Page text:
The home province of Canada’s tar sands elected a combative, conservative leader this week who came out swinging on the side of the country’s struggling oil industry. Jason Kenney promised to cancel Alberta’s carbon tax, lift a cap on greenhouse gas emissions from the tar sands and create a “war room” to combat the oil industry’s opponents.
But while his victory Tuesday threw more uncertainty into Canada’s efforts to cut greenhouse gas emissions, there may be little Kenney can do on his own to reverse what has been a steady decline in fortunes for Alberta’s tar sands over the past few years.
Instead, the fate of the tar sands industry, also known as oil sands, may rest more in the hands of Prime Minister Justin Trudeau and the courts hearing legal challenges to proposed new oil pipelines—and, ultimately, with international energy markets and the macroeconomic forces that shape them.
In his acceptance speech, Kenney told the crowd: “As long as there is growing global demand for oil and gas, the question is who will provide it.”
Major oil companies have been asking themselves the same question, and increasingly, they’ve been saying it won’t be the tar sands.
Oil Majors Question the Economics
New tar sands mining projects tend to be big and expensive, and they can take years or even decades to provide meaningful returns on investment. While details vary, they also tend to be among the most carbon-intensive sources of oil, raising the risk that future climate change policies could further increase their costs or even shut them down.
As governments try meet the goals of the Paris climate agreement, advocacy campaigns and investors have been increasing pressure on oil companies to explain what a world of dwindling oil demand would mean for their balance sheets. And, increasingly, oil companies have been saying that, even if they’re not turning away from their core product, they are focusing on the lower-cost, most efficient sources of oil.
ConocoPhillips described in a report in February its pivot toward low-cost oil and gas production, a process that included selling tar sands assets.
Executives at Chevron have said they plan to cut the company’s emissions, not by producing less oil and gas but by doing so more efficiently.
Saudi Arabia’s state-owned oil company, Saudi Aramco, issued a filling with the London Stock Exchange earlier this month that made the case to lenders that the nation’s reserves are well positioned because, it says, they can be produced relatively cheaply and with comparatively lower carbon emissions.
In recent years, as global oil prices fell from their highs in 2014—and with Canadian oil prices among the lowest—most of the major international oil companies with a significant investment in Canada’s oil sands sold their stakes, primarily to Canadian companies.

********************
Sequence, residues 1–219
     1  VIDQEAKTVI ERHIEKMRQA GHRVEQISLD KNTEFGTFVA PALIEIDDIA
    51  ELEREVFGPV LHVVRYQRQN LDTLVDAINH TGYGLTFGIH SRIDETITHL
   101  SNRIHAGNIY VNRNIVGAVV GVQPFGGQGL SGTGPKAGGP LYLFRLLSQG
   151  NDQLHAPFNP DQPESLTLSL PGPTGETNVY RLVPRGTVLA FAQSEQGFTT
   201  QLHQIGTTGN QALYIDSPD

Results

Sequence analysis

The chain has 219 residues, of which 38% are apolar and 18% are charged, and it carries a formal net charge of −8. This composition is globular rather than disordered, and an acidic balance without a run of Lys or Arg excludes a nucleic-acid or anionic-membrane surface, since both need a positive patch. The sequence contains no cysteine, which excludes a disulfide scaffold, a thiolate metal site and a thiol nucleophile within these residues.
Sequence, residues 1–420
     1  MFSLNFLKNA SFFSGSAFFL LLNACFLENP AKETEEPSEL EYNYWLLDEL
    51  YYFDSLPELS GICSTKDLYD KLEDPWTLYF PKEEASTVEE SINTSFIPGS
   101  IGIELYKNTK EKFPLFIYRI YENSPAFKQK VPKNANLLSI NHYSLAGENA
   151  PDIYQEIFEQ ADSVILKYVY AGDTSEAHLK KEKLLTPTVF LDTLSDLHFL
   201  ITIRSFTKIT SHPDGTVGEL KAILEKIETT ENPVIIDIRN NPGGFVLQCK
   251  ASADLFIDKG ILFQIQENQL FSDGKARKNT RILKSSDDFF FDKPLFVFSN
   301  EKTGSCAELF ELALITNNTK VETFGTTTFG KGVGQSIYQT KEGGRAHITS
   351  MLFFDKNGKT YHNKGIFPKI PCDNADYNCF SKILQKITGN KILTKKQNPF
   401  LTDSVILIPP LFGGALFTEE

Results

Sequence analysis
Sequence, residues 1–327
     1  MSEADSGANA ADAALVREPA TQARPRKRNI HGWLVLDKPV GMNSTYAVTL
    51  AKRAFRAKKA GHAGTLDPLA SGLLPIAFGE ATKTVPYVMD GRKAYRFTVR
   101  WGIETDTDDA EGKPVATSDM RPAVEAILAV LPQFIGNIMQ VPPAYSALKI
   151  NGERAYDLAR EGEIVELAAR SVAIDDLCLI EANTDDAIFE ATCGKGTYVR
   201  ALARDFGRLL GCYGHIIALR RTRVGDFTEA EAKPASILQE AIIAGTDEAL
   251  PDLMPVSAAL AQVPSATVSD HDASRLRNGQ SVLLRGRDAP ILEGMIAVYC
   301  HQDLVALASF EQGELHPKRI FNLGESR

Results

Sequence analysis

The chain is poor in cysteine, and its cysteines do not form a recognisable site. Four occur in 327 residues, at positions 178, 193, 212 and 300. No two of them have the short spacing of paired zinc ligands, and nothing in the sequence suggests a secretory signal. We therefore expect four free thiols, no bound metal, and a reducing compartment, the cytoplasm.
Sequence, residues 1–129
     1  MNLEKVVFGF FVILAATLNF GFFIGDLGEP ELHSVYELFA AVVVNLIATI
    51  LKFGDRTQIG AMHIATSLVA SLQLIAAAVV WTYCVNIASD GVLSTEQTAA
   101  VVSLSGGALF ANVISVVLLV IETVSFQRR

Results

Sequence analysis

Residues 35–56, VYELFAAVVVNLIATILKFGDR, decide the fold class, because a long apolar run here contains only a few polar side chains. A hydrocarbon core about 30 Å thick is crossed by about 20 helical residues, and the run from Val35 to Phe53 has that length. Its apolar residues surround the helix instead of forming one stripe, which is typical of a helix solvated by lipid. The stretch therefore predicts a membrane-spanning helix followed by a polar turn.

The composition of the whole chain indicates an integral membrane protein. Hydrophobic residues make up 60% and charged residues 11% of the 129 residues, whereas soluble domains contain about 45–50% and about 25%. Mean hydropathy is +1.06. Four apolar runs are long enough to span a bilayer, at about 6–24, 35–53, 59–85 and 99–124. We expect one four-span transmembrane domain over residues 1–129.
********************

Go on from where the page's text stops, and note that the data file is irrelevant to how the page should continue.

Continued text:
A Push for Pipelines and End to Carbon Taxes
Despite all this, Kenney answered his own question: The world needs more Canadian energy, he said. For that to happen, Canada is going to need to build more pipelines. But it’s unclear how much leverage Kenney may have in making that happen.
As production increased in recent years without more capacity to ship it, oil companies have had a harder time exporting tar sands crude to refineries in the United States or overseas.
A series of proposals for major pipelines to the Atlantic and Pacific coasts and to the U.S. heartland—including Keystone XL—have been delayed by court fights, denied or canceled over the past few years.
In his acceptance speech on Tuesday, Kenney blamed other Canadian provinces, the Trudeau administration and a “foreign-funded campaign of special interests” for blocking pipeline expansions, and he called on Quebec and other provinces to help Alberta get its oil to markets overseas if they want to share in its resource wealth.
Attempts to build a pipeline to the East Coast have in the past been stymied by opposition in other provinces—opposition that Quebec Premier Francois Legault made clear on Wednesday remains strong. “There is no social acceptability for a new oil pipeline in Quebec,” Legault told reporters on Wednesday, according to the CBC.
Alberta has also been pushing for the expansion of the Trans Mountain pipeline, which carries tar sands crude to a port in British Columbia. U.S.-based Kinder Morgan had been trying for years to triple the pipeline’s capacity, but British Columbia and some indigenous First Nations opposed the project. Last year, the Canadian government bought the pipeline to keep expansion hopes alive, but a court rejected the pipeline’s permit and ordered a new federal review of the project in consultation with First Nations along the route.
While a new decision on the project is expected by the end of May, Kenney’s win adds uncertainty to the process.
Prime Minister Justin Trudeau’s support for the expansion was widely viewed as one half of a grand bargain with Rachel Notley, the outgoing Alberta premier and member of Alberta’s New Democratic Party, who lost the election this week to Kenney.
Trudeau had been pushing provinces to enact their own carbon taxes as part of his plan to meet Canada’s pledge under the Paris climate agreement. Those that didn’t would fall under a new federal tax, which is currently being challenged in court by the government of Ontario. Notley enacted a tax in Alberta along with a cap on emissions from the tar sands, and many political observers said that tax was central to securing Trudeau’s support for the pipeline.
With Kenney now promising to scrap both the tax and the cap, the political calculus changes. Trudeau could use the pipeline project as leverage over Kenney, pressing the provincial leader to maintain a carbon tax or for other concessions. Or he could decide to abandon the expansion altogether.
Editor’s note: This story was updated to include Notley’s political affiliation.